At the other end of the scale, working with the elite amateur or the consummate professional asks even more questions of your coaching ability. Working with advanced boxers can be a daunting prospect for any developing coach, and can give feelings of a lack of knowledge, or insufficient experience. I have personally faced that moment, but once I had taken a deep breath and applied myself, I began to comprehend that the more complicated the question, the simpler, the coaching answer became. Boxing is mostly a sport about problem solving and that’s a thinking man’s game.
I came to realise quite quickly that the more I thoroughly understood the basic ingredients of boxing, with emphasis on the word thoroughly, the easier it was to see the way forward for individual boxers, whatever their standard. Be advised though, that the conquest of those boxing fundamentals soon becomes a lifetime’s challenge. Armed with such knowledge however, I began to find a simple truth, the more competent the boxer, the easier it was to coach.
In the competent boxer, attention to the smallest detail becomes the task, building on natural strengths and individual flair that has already emerged in training and contest conditions. After a certain level of competency is reached by a boxer, you, as a coach, progress from the challenge of teaching boxing in its entirety to developing the emerging skills of the individual within that entirety. This is particularly true of professional boxers.
Over the years, I’ve assisted many individuals, been responsible for squad coaching sessions and worked alongside, in my opinion, some of the finest amateur and professional coaches around. (Funnily enough, in many cases, they don’t actually realise how good they are). Becoming an Inspector for the British Boxing Board of Control was one of the shrewdest moves I ever made. I made it in the full knowledge that I would both serve the sport I love, and gain the best, and quickest insight possible, into all aspects of the professional game.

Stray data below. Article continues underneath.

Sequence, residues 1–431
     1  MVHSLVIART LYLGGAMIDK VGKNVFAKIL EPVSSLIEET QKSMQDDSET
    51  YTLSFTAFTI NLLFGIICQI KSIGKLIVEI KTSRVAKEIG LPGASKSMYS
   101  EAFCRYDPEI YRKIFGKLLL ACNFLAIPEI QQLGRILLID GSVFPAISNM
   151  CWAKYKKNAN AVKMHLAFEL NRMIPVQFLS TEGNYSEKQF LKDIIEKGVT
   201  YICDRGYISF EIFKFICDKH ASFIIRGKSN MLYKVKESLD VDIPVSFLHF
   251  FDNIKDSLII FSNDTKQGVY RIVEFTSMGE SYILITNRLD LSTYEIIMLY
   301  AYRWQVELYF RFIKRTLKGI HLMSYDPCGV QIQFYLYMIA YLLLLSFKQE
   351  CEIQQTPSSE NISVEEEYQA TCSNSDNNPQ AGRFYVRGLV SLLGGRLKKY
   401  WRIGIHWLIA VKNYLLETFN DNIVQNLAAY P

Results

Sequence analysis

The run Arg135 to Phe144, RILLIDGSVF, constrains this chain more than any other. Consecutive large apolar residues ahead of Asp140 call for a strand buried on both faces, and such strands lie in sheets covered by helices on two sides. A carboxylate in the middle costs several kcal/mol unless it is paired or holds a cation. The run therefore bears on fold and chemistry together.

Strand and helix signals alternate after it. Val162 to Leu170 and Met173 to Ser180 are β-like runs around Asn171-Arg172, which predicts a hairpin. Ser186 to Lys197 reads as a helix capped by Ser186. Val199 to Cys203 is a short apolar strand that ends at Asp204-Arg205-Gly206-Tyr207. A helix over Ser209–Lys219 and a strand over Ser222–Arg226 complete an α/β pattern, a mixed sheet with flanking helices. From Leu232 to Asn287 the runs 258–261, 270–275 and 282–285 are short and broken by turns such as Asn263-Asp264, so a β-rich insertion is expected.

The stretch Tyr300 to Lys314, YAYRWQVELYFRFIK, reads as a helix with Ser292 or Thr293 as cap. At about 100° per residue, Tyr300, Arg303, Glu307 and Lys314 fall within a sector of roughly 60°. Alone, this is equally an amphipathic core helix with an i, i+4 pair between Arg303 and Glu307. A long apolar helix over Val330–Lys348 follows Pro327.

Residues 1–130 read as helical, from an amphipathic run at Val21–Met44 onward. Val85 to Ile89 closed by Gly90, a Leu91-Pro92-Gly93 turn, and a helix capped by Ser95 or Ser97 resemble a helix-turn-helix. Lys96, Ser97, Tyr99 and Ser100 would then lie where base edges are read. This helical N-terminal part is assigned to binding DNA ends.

How else can you be privy to the innermost thoughts of this country’s coaching elite and its governing body? Where else can you be closer to the action, observe the secret privacy of the boxer-coach relationship in the dressing room? In these circumstances I have often measured the advice I would give a boxer, against advice that I’ve actually heard given by top names. That’s how you better yourself, how you improve, how you challenge your own ability. No coaching course in the world can replace that experience. To this day, those trainers do not know what a service they have given to me.
When an opportunity came along to become a professional trainer, I took it knowing that I had the confidence, knowledge and judgement I felt was required. I had tested myself along side the best. Even after many years of experience I had opened my mind to yet another path of learning in my self imposed challenge to become a better coach. In my own way I had taken from those I most admired, but at the same time I didn’t want to be their clone.
I needed to be my own man. Sport is still a competitive arena. Professional boxing coaches are competing within it. Do not forget either, that often I failed to agree with what I saw and heard. It is evident I’m afraid, that among the cream there are also some coaches who are content to rest on their laurels. Better to be at the cutting edge, if you can. Both to gain advantage or to be guarding against the sports pitfalls, to be for-warned of emerging and potentially damaging illegal developments, such as gene doping! It’s how a coach acts in the best interests of his boxing stable. How he stops his boxers from making mistakes.
Coaching the sport of boxing is definitely as much a challenge as boxing itself and requires no less commitment. As a boxer, if you have prepared thoroughly you are confident, and so it is with coaching. Not all great boxers make great boxing coaches. It’s not a right of passage. Top coaching requires the right interpersonal skills, teaching ability, problem solving skills, analytical skills, communication skills, psychology and a deep and thorough understanding of the sport and its rules. How it works, it’s ingredients, what makes it tick, action and reaction, strategy, bio mechanics, nutrition, fitness, prohibited substances and much more but, most importantly of all, safety. Oh! Yes, that six-letter word we all like to bandy about, safety.
It’s the number one word in boxing. After all, boxing is the most dangerous sport in the world, right? Wrong, most dangerous, no, absolutely not. Normal day-to-day life is far more dangerous and I should definitely know. In fact I feel positively qualified to say so. However, I’ll leave that for another article, another time. Let’s get back to safety and the sport of boxing. Let me ask you a question, your son or daughter wants to box. In principle you don’t object, it’s character building and it’s a tough world out there. They’ll get fit and perhaps be good enough to realise their ambitions. What kind of coach do you look for? What expectations are you entitled to hold? Coaches know all the moves? They know about fitness don’t they? They talk a good fight? But what’s their integrity like, what’s their overall priority?